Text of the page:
Kids ‘Study’ Chairs For Sale

MoneyTalk for Kids

My boys are selling their chairs for $10 each.
Yes, blue one for $10 and
black one for $10.

Blue chair belongs to Kitkit and
Black chair belongs to Binbin.

 

Both were only used for 4 months.
Still in great condition.
I would say that their condition is as good as new.
The only difference is: New ones have the plastic wrapping around the chairs and ours are without.

 

 

 

 

The chairs’ height and back-support are NOT adjustable.
The height from the ground to the cushion seat is fixed at 42cm.
The cushion seat width is also 42cm.

 

 

***One Small Request. Please prepare exact amount, i.e. one piece of $10 note to pass to each of my boys.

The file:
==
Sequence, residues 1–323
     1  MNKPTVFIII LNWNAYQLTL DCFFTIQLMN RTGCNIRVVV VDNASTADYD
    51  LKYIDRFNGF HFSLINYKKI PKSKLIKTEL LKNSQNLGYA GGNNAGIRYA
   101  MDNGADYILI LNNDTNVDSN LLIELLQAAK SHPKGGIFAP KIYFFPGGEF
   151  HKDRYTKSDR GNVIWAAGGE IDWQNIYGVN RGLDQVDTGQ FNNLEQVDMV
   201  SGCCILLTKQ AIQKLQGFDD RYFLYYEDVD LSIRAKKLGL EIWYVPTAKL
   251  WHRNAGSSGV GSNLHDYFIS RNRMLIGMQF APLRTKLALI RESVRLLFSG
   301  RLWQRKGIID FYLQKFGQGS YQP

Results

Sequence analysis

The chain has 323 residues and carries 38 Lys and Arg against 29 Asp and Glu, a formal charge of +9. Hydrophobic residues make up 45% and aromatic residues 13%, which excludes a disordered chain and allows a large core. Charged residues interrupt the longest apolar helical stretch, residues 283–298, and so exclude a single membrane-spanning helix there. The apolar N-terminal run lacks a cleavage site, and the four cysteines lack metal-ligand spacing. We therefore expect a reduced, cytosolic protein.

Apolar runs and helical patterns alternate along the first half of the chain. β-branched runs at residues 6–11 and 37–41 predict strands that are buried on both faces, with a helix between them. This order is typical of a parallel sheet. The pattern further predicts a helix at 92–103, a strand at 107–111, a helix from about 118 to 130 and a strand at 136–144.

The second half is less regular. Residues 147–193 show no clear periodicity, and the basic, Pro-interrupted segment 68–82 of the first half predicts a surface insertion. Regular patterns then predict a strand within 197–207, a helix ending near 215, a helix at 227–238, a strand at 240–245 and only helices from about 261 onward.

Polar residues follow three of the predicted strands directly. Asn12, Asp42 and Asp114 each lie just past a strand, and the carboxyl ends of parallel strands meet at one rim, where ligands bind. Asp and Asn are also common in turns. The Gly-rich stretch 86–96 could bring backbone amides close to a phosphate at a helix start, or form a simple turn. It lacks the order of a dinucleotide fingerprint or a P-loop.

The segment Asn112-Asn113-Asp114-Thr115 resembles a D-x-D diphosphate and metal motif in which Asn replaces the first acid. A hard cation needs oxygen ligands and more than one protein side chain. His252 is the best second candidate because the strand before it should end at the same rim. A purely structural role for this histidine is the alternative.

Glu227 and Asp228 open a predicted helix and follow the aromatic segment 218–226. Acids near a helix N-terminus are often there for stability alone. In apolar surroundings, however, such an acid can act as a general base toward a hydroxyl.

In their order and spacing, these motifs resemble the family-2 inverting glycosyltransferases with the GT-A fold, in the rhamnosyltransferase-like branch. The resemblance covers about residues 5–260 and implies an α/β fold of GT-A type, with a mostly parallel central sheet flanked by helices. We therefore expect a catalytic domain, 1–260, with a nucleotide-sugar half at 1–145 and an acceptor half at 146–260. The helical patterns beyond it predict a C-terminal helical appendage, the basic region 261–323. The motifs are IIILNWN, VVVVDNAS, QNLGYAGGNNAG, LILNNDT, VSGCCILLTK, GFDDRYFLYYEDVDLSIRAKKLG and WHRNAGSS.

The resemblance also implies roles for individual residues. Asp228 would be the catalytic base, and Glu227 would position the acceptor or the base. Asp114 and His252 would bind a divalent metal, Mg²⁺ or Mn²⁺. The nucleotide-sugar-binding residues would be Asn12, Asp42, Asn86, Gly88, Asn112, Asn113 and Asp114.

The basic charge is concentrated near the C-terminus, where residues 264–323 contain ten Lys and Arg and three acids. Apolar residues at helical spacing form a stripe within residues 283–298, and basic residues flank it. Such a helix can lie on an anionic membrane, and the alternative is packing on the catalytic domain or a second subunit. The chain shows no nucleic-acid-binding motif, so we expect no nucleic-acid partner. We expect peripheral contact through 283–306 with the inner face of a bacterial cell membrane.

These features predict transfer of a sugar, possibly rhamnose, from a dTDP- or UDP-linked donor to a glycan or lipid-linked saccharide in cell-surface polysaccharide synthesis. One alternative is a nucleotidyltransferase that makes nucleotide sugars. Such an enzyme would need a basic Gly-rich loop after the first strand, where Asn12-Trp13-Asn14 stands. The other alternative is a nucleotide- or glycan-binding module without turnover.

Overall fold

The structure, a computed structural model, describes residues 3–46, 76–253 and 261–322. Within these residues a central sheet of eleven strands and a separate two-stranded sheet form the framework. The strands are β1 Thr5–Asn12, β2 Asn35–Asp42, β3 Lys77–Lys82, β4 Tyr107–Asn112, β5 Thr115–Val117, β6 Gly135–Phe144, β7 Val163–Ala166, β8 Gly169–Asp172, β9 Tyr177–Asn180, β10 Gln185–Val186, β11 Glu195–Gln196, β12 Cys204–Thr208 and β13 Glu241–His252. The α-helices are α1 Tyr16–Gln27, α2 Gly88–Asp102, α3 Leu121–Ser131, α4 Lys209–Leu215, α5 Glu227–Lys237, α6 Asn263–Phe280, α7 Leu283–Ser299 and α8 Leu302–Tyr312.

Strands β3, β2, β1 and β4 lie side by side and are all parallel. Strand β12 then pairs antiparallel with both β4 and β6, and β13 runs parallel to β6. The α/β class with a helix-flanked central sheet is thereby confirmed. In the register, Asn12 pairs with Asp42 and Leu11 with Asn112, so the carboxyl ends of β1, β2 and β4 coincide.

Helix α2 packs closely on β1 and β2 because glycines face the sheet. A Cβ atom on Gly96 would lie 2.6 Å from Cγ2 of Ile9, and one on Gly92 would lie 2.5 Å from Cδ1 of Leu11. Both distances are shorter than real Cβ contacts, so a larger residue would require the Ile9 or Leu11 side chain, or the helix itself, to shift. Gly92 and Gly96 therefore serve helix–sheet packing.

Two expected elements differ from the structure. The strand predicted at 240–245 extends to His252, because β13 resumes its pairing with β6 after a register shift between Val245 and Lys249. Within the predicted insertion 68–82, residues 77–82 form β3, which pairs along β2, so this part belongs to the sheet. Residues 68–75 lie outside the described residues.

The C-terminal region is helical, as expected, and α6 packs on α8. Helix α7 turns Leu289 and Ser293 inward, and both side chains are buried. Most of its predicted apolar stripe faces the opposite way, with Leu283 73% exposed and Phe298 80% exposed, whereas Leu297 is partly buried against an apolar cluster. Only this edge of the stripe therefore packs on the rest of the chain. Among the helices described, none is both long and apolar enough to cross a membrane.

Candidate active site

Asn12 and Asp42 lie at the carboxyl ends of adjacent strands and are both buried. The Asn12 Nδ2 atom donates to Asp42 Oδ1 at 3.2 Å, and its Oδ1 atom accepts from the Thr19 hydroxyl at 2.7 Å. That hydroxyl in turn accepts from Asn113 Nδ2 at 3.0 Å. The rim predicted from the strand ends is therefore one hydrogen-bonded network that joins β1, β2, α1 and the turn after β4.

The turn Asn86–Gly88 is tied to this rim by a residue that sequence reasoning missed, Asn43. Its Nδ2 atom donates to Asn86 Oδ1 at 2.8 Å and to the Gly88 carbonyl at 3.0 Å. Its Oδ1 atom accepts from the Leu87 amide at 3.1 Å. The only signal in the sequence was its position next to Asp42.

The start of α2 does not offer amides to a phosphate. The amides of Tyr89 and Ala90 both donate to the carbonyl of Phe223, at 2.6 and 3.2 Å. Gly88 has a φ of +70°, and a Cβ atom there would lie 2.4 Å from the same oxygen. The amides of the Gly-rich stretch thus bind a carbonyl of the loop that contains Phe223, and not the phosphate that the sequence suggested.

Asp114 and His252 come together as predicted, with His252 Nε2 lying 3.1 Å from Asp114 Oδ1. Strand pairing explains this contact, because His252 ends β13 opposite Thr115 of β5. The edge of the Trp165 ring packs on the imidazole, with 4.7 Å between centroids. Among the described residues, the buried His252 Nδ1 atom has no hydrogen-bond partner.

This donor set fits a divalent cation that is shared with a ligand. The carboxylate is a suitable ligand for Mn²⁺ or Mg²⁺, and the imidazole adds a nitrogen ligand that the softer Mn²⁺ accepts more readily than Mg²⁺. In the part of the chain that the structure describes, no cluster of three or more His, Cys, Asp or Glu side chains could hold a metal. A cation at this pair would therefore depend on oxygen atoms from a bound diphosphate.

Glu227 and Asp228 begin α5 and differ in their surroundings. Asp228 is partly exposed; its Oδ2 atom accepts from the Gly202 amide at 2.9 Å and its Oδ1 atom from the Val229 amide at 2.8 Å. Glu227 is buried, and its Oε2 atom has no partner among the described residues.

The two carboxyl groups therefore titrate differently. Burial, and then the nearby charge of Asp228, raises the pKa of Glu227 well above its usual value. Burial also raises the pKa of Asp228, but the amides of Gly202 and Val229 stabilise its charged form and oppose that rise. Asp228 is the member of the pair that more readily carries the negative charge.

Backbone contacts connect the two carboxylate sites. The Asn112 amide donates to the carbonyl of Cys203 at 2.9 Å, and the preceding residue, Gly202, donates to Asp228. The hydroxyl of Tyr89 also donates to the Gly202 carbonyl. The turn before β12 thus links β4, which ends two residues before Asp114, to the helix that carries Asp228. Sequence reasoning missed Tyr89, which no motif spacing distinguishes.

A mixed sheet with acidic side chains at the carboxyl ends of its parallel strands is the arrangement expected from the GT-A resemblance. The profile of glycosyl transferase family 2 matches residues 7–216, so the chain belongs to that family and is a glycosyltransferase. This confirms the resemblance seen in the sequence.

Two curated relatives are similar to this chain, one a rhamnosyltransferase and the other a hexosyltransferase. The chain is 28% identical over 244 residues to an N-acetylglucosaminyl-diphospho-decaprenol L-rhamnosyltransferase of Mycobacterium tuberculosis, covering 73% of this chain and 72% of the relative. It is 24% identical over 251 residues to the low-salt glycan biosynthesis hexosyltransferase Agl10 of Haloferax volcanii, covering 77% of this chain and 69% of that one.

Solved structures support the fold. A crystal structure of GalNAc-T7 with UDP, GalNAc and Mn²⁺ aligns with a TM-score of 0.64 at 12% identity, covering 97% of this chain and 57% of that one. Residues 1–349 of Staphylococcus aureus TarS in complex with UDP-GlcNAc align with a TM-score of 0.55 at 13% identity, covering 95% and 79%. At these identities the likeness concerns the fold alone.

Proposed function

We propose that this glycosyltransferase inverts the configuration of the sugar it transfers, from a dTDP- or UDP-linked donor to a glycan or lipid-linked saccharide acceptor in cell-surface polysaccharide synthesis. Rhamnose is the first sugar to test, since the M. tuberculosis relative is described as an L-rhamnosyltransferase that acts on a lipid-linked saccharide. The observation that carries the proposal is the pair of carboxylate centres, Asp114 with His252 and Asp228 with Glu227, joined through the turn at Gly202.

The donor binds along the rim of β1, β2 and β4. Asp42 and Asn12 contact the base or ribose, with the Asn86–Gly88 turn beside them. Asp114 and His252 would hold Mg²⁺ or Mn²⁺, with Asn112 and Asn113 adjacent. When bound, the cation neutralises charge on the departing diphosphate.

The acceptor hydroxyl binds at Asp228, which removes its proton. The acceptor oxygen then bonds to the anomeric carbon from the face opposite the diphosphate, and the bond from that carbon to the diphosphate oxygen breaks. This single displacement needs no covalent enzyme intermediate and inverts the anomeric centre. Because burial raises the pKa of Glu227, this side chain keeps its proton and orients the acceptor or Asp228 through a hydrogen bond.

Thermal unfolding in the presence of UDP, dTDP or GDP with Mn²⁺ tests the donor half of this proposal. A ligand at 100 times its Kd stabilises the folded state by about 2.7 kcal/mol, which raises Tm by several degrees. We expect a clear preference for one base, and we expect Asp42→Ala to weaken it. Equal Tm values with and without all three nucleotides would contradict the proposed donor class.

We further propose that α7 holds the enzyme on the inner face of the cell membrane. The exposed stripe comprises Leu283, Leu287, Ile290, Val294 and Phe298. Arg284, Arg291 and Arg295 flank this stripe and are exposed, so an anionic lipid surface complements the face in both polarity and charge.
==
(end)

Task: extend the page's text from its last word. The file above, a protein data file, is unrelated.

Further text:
Yes, they will be the ones keeping the money.
Why?
Well, its THEIR chairs!

Please email me the colour of your choice to angeline@AllAboutYourChild.com

***Updated on 15th December 2012 1.30pm
The blue chair has been sold.
ONLY THE BLACK chair left.

 

 

Kids ‘Study’ Chairs For Sale

 

Copyright © 2007-2016 All About Your Child. The contents on this blog are the sole property of the author, Angeline Foong, and may not be used or reproduced in any manner without consent. All Rights Reserved. No Comments »

Teach Your Child the Value of Money

MoneyTalk for Kids

With all my heart, I believe in this :

“You Will never learn the value of money until you earn it yourself!”

Because of my ‘special‘ childhood, I had to start earning my first dollar when I was only 11-12 years old.